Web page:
Beck was a little more difficult, simply because I wasn’t living inside his brain. We only see Beck through Bea’s eyes, and that makes it more complicated to give him a full personality. He is hiding a lot of secrets, and as the author I of course knew what they were, but Bea doesn’t, so that was a huge challenge.
You have a BFA in Theatre? What parallels do you find between dramatic arts and creative writing. Do you feel your work in theatre informs your writing?
I think working in theatre has had a huge impact on my writing. In general, what comes most naturally to me is emotional honesty in a scene, and my ability to do that comes directly from my theatre training. I studied an acting technique called Meisner, and the basis of that training is that the goal of acting is “living truthfully under imaginary circumstances”. This is the goal in writing, too, I think. Often when I’m writing I’ll take my hands off the keyboard and work myself into an emotional state, the same way I used to do to prepare for a performance. The only difference is that as a writer I have to find the words to record those emotions, whereas when I was acting I had to simply live them out on stage.
I feel so incredibly lucky to have come from that training, and from the Meisner technique in particular, because I think it taught me to much about imagination and honesty and attention to detail. My acting teacher pushed us to be specific and careful in the choices we made for a character’s emotional life, and I hear her voice in my head when I’m writing, too.
And for the final question: as this community is All for One and OneFour KidLit, we’d like to know what two or three books inspired you as a kid.
Let’s see, when I was in elementary school, my favorite books were THE GIVER by Lois Lowry– a book that I would still consider my favorite book probably– and Julie Edwards’ (Julie Andrews’ pen name!) books THE LAST OF THE REALLY GREAT WHANGDOODLES and MANDY. I read and re-read all three of those books incessantly. And I definitely had a certain thrill that one of my favorite musical theatre actresses, Julie Andrews, had also written two of my favorite books. It was like a special secret I felt we shared with each other. I was a child actress who loved writing, so I felt really inspired by the fact that Julie Andrews was a writer and actress as well.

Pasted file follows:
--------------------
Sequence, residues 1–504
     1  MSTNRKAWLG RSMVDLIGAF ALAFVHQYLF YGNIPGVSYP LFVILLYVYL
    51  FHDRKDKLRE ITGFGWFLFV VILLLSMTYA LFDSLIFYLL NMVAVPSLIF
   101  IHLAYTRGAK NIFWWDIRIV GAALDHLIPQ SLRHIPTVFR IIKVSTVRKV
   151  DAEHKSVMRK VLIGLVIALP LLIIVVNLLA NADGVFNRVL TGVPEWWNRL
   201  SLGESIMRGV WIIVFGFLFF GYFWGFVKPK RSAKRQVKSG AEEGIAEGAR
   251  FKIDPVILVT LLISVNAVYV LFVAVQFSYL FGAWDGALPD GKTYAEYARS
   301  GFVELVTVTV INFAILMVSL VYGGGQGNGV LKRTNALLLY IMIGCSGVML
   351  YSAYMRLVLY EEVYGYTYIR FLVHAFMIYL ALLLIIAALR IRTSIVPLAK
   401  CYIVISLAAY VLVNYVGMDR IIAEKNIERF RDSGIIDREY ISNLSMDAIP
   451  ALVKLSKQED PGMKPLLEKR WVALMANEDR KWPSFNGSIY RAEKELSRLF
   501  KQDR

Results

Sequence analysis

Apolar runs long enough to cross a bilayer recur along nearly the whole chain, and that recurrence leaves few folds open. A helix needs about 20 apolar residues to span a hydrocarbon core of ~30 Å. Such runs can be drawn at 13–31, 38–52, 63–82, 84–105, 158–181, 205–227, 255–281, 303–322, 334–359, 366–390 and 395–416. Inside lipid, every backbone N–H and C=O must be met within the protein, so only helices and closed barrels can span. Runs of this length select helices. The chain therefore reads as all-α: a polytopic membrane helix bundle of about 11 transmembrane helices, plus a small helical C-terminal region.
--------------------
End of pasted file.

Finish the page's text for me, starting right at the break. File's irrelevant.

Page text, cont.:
As a teenager and I feel head over heels in love with THE BELL JAR. I had a lot going on when I was a teenager, and tended towards darker literature. Sylvia Plath in general really spoke to me. I loved her poetry as well. I read a lot of poetry at that age in general. It helped to have tough feelings explored with beautiful language. It still does!
Corey Ann Haydu is a young adult novelist currently living in Brooklyn, NY. Her first novel, OCD LOVE STORY, is coming out July 2013 from Simon Pulse. Her second novel, LIFE BY COMMITTEE will be out in Summer 2014 from Katherine Tegen Books at Harper Collins.
Corey graduated from New York University’s Tisch School of the Arts, where she got her BFA in Theatre. After college, Corey worked as an actress and playwright (and waitress and telemarketer and real estate broker and nanny and personal assistant) She also spent a lot of time in Starbucks writing short stories.
After working in children’s publishing for a few years, and falling in love with YA literature,Corey received her MFA from The New School in Writing for Children. During graduate school Corey rounded out her list of interests with mochas, evening writing workshops, post-it notes, bi-weekly cheeseburgers, blazers, and board games.
| Jaye Robin Brown, or JRo to most everyone but her mama, lives and writes in the Appalachian mountains north of Asheville, NC. She’s fond of dogs, horses, laughter, the absurd and the ironic. When not crafting stories she hangs out with teenagers in the high school art room where she teaches. Her debut novel, NO PLACE TO FALL (Harper Teen, Fall ’14), is a love song to small town girls and mountain music.